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Still Mayor Adrian Fenty and Still Schools Chancellor Michelle Rhee have a goodbye letter in this Sunday’s Post. LL thinks Anita Dunn‘s staffer they did a nice job and the essay ends on a pretty classy note:
When the two of us began this journey together, we made a pact with each other. We pledged that we would always put children first and make decisions that would be in their best interest, even when—especially when—we knew it would cause consternation among adults. This pact was our true north. In many ways, it cut through the hard choices to something clear and simple: We would fight for the right of every parent to promise and give their children an excellent education. We would insist on a school system that backed up that promise. We would ensure that children received the skills and knowledge they needed to do anything they wanted in life.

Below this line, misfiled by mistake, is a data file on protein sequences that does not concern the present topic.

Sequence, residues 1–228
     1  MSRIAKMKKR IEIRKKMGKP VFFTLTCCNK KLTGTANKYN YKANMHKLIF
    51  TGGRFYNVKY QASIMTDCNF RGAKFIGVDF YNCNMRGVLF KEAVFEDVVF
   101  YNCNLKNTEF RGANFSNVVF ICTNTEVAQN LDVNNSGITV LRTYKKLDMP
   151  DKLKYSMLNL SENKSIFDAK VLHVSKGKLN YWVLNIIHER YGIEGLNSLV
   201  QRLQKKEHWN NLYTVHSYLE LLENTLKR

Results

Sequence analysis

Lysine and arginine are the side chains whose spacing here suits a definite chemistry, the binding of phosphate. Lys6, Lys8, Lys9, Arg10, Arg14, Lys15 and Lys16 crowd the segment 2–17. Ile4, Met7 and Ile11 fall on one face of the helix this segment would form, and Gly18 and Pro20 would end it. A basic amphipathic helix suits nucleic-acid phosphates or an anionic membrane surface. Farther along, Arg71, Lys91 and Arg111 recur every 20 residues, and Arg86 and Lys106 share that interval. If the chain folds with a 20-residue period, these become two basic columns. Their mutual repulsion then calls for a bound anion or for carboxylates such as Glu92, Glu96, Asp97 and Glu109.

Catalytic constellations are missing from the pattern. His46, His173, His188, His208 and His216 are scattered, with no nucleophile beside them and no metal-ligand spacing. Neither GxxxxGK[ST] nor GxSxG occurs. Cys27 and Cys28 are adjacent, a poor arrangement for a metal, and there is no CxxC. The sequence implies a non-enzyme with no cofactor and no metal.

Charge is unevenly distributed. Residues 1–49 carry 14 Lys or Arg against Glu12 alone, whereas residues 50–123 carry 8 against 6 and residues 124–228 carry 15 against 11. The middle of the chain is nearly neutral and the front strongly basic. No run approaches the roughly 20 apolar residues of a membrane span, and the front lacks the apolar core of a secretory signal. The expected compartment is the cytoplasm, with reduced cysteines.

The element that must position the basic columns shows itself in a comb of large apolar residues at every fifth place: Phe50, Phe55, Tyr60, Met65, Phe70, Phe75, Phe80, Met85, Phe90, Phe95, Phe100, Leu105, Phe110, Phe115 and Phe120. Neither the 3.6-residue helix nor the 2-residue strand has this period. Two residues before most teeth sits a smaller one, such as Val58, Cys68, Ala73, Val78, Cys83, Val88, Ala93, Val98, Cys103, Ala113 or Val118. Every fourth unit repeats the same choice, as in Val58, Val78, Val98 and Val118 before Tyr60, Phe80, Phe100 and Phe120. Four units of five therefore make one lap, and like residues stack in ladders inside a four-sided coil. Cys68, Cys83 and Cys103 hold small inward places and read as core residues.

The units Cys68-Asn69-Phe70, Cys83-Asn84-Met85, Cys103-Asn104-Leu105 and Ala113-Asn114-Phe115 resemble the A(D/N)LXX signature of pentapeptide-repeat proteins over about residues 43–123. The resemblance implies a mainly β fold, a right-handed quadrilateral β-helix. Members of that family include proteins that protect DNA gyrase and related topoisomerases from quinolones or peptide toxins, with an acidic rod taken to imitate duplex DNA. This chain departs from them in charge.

[Almost Mayor Vince] Gray and his team will face many difficult choices, and no doubt some of the actions they’ll have to take—such as deciding what to do with teachers who are rated minimally effective—will stir controversy. As a community, it is our obligation to ensure that these leaders have the support they need to act courageously and aggressively. School reform will and must be driven by dedicated residents who understand the serious, long-term consequences of failing to fix the city’s foundering educational system.
This time, however, the pact cannot merely be between two people. It must be forged among an entire community. Gray and the team at DCPS can succeed if they have your support to do all that is necessary for the young people we are trusting to the schools to shape. We ask you to learn from our mistakes, stand by the commitment to continue the momentum of the past 3½ years and, most important, believe that our children are capable of blowing your minds with their achievements.